Six Triple Eight, All-Black Women's Army Corps Unit, Gets Congressional Gold Medal

PhenomenalMAG Staff  |  Culturally Conscious

On June 15, 2022, family members finally gathered inside the Military Women's Memorial at Arlington National Cemetery to commemorate President Joe Biden's signing of the "Six Triple Eight" Congressional Gold Medal Act of 2021.

Military and civilian leaders also attended.

According to retired Army colonel and current Army Reserve Ambassador Edna Cummings, "The 'Six Triple Eight' is currently the only women's military unit to win the nation's highest civilian distinction, the Congressional Gold Medal." Since the American Revolution, Congress has instituted the awarding of Gold Medals as the nation's highest recognition of outstanding accomplishments and contributions.

Less than 200 Congressional Gold Medals have been given out since 1776, according to Cummings, an Army Reserve ambassador who volunteers with the 99th Readiness Division of the Army Reserve. The inaugural laureate was General George Washington.

During World War II, the 6888th was the first and only all-Black, all-female Army unit to deploy overseas. Lt. Charity Adams, the first African-American woman to be appointed to a commission in the Women's Army Corps, was in charge of its 855 female members.

The women of the 6888th worked seven days a week in three distinct shifts of eight hours each. To distinguish amongst Soldiers with the identical names, they maintained track of seven million identification cards with serial numbers. They looked into incorrect addresses and returned letters sent to soldiers who had died in battle.

Dr. Elwood L. Robinson, chancellor of Winston-Salem State University, said, "I don't know that anything like this has happened before for a group of Black women. This event's and this historic moment's grandeur are overpowering."

The Military Women's Memorial, whose purpose it is to recognize and tell the experiences of women, past and present, who serve the country in uniform, served as the venue for the event.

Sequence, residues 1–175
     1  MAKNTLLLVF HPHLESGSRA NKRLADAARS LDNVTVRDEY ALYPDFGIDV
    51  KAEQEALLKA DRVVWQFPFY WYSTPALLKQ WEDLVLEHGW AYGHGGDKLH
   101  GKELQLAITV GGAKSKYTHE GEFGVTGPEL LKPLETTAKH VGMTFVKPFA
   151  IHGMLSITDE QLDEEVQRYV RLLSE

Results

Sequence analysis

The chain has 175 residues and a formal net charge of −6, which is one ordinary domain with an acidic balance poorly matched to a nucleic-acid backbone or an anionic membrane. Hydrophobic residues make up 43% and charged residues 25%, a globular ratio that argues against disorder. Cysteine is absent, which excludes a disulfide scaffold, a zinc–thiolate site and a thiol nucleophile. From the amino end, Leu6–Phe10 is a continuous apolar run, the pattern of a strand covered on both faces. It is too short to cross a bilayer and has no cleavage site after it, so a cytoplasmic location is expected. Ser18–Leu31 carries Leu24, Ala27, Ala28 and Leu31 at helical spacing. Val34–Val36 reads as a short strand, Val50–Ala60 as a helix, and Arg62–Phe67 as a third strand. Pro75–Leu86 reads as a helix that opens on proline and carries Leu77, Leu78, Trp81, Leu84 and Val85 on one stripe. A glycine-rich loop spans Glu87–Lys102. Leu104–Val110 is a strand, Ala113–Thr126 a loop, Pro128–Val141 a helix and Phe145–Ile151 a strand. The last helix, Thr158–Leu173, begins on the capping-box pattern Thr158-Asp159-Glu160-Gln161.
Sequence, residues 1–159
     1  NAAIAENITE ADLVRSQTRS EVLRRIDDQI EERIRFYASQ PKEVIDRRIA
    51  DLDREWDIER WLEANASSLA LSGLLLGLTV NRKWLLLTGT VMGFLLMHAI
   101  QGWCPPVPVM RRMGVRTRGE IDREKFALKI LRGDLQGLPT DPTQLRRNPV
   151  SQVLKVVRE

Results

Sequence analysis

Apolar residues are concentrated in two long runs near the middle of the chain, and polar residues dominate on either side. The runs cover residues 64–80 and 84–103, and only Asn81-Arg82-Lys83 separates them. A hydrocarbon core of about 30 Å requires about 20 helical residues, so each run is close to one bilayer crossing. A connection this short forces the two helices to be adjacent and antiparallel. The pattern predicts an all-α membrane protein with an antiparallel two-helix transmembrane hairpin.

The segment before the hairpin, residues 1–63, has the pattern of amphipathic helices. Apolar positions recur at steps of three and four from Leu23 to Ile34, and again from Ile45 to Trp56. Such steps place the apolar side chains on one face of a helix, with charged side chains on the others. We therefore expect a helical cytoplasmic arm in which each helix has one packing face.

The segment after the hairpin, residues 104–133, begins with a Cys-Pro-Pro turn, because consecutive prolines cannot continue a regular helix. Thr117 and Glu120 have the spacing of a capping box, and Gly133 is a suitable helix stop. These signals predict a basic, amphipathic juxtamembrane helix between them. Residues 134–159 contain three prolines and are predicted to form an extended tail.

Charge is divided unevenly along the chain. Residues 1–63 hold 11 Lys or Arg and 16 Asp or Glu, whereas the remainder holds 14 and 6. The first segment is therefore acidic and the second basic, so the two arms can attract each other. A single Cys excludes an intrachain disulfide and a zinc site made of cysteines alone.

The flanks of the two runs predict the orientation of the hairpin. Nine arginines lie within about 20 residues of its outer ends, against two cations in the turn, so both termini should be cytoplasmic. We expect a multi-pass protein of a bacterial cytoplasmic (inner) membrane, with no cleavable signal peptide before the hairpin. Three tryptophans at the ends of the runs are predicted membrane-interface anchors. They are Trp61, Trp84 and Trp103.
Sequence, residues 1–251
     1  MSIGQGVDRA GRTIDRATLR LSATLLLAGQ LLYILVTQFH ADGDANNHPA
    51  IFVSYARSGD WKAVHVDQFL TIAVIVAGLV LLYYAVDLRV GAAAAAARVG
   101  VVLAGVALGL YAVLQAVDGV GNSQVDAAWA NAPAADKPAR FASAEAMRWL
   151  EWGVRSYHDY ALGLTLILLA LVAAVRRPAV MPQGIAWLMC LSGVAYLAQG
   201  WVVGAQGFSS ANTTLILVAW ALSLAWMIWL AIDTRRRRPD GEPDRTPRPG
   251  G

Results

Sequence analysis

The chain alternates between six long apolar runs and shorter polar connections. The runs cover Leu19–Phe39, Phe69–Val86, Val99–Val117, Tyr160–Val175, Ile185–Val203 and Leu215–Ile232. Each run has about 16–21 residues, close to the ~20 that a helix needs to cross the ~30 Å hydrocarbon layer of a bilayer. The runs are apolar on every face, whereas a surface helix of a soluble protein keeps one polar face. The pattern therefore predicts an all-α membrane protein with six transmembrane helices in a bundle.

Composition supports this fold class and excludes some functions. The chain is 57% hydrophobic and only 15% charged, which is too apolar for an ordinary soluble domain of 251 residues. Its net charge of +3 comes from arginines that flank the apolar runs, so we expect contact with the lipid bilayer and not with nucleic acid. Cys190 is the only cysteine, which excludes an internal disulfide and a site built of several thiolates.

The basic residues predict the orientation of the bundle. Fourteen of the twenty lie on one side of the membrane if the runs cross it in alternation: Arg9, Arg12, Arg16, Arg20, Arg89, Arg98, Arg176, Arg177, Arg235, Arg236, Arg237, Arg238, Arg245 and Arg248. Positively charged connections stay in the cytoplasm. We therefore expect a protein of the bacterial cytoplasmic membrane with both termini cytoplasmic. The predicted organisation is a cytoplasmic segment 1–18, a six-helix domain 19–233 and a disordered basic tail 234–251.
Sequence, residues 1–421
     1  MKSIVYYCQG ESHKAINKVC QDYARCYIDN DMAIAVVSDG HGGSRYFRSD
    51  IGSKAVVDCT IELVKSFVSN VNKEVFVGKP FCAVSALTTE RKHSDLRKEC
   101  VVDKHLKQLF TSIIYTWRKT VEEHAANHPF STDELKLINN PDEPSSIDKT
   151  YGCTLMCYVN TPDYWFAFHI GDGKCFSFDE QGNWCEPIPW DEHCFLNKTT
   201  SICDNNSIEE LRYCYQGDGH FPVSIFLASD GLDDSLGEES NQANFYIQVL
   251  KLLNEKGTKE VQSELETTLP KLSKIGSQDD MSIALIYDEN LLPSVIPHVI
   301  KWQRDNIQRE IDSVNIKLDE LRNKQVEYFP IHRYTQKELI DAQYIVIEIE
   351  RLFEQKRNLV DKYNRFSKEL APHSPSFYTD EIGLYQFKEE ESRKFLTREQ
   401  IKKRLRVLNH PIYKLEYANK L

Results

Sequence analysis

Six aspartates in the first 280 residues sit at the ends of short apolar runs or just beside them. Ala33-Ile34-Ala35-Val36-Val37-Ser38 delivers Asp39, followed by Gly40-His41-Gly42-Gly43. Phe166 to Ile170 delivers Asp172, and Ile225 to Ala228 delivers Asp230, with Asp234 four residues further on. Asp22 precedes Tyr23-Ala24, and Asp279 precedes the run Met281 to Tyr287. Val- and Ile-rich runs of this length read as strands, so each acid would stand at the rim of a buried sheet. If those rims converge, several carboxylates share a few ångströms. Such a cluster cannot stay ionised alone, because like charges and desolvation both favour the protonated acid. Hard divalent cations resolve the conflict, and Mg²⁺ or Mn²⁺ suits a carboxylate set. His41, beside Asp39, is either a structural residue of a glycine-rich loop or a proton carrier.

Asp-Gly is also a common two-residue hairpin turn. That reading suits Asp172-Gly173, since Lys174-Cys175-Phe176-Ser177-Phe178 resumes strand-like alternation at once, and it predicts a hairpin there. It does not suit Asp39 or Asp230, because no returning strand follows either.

As the president of the Military Women's Memorial, former command chief warrant officer of the U.S. Army Reserve, and current Army Reserve ambassador, retired Chief Warrant Officer 5 Phyllis Wilson said, "This is where we tell the stories of the three million [service] women like myself, like Edna, like all of the women of the 'Six Triple Eight.’ Like the rest of us, I stand on their shoulders."

No location is more appropriate, in the words of McDonough, "to memorialize and celebrate the tremendous sacrifice, unique tales, and legacies of these Black women warriors who served a cause so much greater than themselves" than this memorial.

The 99th Readiness Division's deputy commanding general, Brig. Gen. Beth Salisbury, and command sergeant major, Command Sgt. Maj. Subretta Pompey, attended the ceremony in addition to serving as Army Reserve ambassadors.

The "Six Triple Eight" and the 99th RD have a relationship that dates back to 2020. Sgt. Hilda P. Griggs of the "Six Triple Eight" received a certificate of appreciation from Maj. Lakisha Hale-Earle of the 99th RD on January 19 of that year at a Martin Luther King Jr. celebration at the New Jersey State Museum in Trenton.

According to Hale-Earle, "Sergeant Griggs... perfectly represents the spirit of her fellow sisters-at-arms who were patriotic, brave, successful, and devoted. We acknowledge that we stand on Sgt. Griggs' shoulders and want you to know that we lead because you led. Your bravery and sacrifice will not be forgotten.”

The 99th RD commanding general honored Griggs with a Meritorious Unit Citation the following month at the division's commemoration of Black History Month at its headquarters on Joint Base McGuire-Dix-Lakehurst, New Jersey.

“The goal was to honor Sgt. Griggs and tell this virtually untold story about Black history, women’s history and American history,” said Hale-Earle.

Now, the unit's legacy will also be portrayed onstage. A brand-new musical titled Six Triple Eight is being created by Holly Garman and Joe Trentacosta. It tells the story of this unrecognized unit, which was the only all-black all-female battalion sent to Europe during World War II. Holly and Joe were invited to a celebration honoring the 6888th Congressional Gold Medal along with their executive producer Blair Underwood and the creative team of Morgan J. Smart, Ronvé O'Daniel, and Jevares C. Myrick.


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